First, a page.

I needn’t have bothered. Right out of the blocks, the very first seconds of the movie, even before the credits I think, an important-sounding voice intones: “Before time began …” (what could that possibly mean?) and goes on to tell the story of the “All Spark”. The All Spark is a little grey box which is the magical source of all Transformer life. Its existence preceded the universe itself. Its actual nature is left unexplained, it’s as mysterious as God. The Transformers are not human-made, they come from a distant planet, but they were originally formed when the All Spark’s ancient power was imparted into dead matter.

In other words, despite the famous tagline “Robots in disguise”, the Transformers aren’t robots at all. They’re dualistic beings with metal bodies and this mysterious, metaphysical, All Spark energy-soul.

Optimus Prime: Not-a-robot in disguise

Optimus Prime: Not-a-robot in disguise

I did a bit of research – i.e. I buggerised around on youtube when I was supposed to be working one day. And I found out that the All Spark isn’t really part of the original TV show. There was a similar sort of thing that lives in Optimus Prime’s chest called the “Matrix of Leadership”, but that’s more a sort of battery / backup drive as far as I can tell.

So there you go. The writers of Transformers movie perhaps found it too difficult to accept the idea that these characters could just be just material, mechanical devices; they had to add in the All-spark to give them life. The Transformers are, in fact, not robots at all.

The Consciousness Verdict:
Transformers is Brain+Mind Dualist.

Short Circuit (1986)

Posted in Consciousness-as-property by Trevor on October 13, 2009

“Number Five is alive.”

Okay, so Short Circuit is a teen movie really, almost a kids’ film. But I’m gonna write about it anyway because it’s one of the few movies that really does almost confront the consciousness problem head on.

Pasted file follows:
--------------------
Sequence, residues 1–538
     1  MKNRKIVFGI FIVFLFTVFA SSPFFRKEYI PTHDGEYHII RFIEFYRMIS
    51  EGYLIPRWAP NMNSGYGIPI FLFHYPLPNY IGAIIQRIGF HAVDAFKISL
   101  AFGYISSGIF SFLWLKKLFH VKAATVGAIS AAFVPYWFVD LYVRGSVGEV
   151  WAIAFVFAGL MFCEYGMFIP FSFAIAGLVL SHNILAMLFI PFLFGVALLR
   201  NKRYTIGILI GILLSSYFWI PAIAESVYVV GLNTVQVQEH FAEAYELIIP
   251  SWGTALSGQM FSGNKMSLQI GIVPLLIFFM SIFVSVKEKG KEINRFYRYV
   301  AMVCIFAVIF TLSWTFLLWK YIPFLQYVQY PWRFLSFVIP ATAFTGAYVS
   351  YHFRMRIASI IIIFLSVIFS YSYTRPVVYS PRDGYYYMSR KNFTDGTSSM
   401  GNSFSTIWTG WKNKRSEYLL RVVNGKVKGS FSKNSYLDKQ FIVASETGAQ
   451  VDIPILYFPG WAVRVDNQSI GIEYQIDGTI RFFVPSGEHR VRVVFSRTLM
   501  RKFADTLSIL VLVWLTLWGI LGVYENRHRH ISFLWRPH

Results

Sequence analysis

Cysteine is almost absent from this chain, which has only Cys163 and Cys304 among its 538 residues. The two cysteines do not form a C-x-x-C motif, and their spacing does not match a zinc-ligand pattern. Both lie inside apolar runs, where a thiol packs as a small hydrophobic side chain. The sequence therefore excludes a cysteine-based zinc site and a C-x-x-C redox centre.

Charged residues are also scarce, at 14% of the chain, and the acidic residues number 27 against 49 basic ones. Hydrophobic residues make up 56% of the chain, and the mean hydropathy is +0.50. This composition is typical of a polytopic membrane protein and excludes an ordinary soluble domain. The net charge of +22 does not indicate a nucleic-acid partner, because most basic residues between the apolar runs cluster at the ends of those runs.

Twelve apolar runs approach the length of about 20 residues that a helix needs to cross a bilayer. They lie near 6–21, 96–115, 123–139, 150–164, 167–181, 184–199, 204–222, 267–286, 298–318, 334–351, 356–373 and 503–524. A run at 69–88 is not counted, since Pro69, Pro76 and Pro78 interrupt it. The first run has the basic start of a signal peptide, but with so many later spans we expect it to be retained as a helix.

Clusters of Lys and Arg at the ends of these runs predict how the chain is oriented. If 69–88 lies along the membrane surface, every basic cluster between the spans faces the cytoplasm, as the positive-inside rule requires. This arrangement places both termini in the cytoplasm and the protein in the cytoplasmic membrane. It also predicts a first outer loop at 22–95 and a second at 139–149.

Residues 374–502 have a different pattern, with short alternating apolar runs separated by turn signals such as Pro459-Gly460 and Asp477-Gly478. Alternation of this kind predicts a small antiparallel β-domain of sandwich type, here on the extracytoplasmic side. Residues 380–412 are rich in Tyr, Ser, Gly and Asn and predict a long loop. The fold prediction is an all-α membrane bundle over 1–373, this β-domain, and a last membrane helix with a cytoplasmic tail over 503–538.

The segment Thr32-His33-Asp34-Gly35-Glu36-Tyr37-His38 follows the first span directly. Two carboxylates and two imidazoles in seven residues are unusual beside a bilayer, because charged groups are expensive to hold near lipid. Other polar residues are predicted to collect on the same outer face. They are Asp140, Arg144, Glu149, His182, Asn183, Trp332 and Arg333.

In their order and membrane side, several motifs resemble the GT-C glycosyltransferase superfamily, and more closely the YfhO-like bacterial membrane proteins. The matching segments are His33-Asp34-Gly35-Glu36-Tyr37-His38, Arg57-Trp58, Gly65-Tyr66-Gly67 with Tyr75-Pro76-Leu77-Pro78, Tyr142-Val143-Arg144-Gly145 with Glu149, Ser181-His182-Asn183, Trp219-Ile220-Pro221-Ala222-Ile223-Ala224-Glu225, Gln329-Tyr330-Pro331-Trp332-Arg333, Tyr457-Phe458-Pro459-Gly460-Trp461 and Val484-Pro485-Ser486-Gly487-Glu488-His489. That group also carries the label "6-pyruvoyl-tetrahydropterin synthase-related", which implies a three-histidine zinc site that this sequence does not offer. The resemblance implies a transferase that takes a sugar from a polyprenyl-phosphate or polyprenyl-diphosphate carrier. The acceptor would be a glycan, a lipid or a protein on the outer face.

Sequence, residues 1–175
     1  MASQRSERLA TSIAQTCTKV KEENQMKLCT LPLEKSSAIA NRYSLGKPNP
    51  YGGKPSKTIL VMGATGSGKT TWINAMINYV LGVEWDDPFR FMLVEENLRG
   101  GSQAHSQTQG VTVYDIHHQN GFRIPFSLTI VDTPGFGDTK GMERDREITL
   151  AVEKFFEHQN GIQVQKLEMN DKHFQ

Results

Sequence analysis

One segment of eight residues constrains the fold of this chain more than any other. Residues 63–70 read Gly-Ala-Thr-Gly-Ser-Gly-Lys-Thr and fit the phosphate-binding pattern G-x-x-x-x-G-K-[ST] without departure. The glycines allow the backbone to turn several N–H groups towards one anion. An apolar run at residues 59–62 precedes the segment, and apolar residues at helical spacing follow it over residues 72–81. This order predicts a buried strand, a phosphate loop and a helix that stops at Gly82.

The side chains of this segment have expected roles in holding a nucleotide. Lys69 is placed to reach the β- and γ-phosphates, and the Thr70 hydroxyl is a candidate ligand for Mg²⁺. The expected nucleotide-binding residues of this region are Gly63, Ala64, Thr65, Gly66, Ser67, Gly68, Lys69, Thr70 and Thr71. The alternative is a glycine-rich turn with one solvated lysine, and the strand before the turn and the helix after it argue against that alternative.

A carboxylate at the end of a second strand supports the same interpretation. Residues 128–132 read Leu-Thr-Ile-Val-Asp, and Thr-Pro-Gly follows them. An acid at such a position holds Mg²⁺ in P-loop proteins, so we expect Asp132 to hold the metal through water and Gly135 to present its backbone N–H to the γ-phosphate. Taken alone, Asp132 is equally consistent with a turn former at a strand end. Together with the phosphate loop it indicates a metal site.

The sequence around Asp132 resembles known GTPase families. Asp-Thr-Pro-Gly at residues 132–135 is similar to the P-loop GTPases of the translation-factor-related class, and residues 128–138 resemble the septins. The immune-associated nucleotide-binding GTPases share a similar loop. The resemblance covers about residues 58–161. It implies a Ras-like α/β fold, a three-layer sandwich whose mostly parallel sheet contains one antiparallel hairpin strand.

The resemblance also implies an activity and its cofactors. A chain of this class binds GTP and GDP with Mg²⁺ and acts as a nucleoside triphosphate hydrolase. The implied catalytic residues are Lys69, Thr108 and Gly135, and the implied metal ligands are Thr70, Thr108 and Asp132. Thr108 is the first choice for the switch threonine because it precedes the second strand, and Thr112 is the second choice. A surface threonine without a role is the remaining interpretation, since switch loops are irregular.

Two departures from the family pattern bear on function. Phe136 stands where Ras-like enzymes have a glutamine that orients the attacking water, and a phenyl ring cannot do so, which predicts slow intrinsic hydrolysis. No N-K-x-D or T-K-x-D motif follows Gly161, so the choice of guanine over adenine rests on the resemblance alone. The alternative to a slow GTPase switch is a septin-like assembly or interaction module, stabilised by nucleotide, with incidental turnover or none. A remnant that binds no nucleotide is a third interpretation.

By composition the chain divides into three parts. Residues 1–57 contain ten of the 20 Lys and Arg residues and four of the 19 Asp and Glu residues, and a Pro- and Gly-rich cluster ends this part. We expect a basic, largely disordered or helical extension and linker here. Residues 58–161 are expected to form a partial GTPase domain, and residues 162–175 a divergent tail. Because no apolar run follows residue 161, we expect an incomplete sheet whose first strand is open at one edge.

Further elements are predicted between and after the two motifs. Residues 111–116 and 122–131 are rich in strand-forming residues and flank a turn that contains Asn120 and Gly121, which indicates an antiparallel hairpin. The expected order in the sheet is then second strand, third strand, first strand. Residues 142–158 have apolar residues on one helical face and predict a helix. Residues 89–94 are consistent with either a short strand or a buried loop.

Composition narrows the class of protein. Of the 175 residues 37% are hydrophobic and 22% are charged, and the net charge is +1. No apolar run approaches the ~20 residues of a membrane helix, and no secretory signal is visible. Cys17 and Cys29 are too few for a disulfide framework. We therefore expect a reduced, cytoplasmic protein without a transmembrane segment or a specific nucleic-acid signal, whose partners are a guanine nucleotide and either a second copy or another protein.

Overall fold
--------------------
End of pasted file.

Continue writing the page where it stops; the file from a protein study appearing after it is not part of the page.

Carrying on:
It’s an old movie, made in 1986. It stars Ally Sheedy from “The Breakfast Club” only this time she’s not a quasi-cool Goth introvert but an earnest, bright-faced, animal-loving … something. What does she do? Does she have a job? I can’t remember.

It also stars a cutting-edge military robot named “Number Five” who cops a blast of too much electricity when he’s recharging during a thunder storm. He malfunctions, “breaks free” from his programming, escapes the military base, and meets up with Ally Sheedy from “The Breakfast Club”. Number Five wants to go out and experience the world, but his military makers want to recapture him and disassemble his malfunctioning self. So Number Five and Ally Sheedy from “The Breakfast Club” go on the run. It all ends happily somehow though I can’t remember exactly how.

Number Five hangin' out

Number Five hangs out with Ally Sheedy and some bloke. Apparently the robot drinks as well. Is that a good role-model for teens?

Anyhoo, the point is that Number Five is treated as a conscious, sentient, feeling, emotional character throughout. When Ally Sheedy from “The Breakfast Club” first meets him he just seems to be a slightly-annoying source of quirky fun. But soon Number Five learns about the world (“More input! More input!”) and realises his place in the scheme of things. In the most memorable bit, Number Five turns his twin face-cameras towards Ally Sheedy (FTBC) and stares into her eyes. “Number Five is alive!” he implores. Ally’s eyes widen as the realisation sets in – the robot is conscious. He/it really feels his/its own existence, so to speak. What’s more he/it doesn’t wan to die (“No disassemble! No disassemble!”), and so the two protagonists then team up and shenanigans ensue.

So what’s the verdict? Number Five’s consciousness appears to start when he gets the disruptive power surge. So Number Five is just a clever robot that’s gone a bit wrong; his consciousness is merely a complicated short circuit. Also, the “scientist-side” of the conflict isn’t shown as some cold-hearted, feeling-denying cynical way of approaching things. Instead it’s represented by Steve Gutenberg who is understanding, non-threatening and has the eyes of a friendly dog. He never proposes that there is anything more to Number Five’s functioning other than unusual programming. However he does come to believe that Number Five is alive and takes up his cause, thus winning the heart and other parts of Ally Sheedy from “The Breakfast Club”.

The Consciousness Verdict: Short Circuit is a vote for the Consciousness-as-Property school. It contains no supernatural elements but unflinchingly accepts that Number Five can be alive and conscious even though he’s just a mechanical device.